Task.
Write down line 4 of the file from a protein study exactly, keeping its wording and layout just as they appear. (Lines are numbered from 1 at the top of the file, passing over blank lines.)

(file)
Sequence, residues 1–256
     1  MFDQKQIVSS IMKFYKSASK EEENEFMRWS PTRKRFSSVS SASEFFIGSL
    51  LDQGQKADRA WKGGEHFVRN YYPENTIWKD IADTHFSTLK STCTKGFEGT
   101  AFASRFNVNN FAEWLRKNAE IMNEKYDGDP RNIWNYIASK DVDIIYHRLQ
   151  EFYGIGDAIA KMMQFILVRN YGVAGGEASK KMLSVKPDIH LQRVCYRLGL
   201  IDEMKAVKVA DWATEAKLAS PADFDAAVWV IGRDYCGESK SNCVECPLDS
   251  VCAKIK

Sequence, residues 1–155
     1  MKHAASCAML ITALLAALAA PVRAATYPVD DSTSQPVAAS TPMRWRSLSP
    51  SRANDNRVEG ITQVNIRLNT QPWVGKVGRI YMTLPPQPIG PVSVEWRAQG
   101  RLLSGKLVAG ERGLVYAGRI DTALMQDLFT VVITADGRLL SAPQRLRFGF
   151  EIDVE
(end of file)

   101  AFASRFNVNN FAEWLRKNAE IMNEKYDGDP RNIWNYIASK DVDIIYHRLQ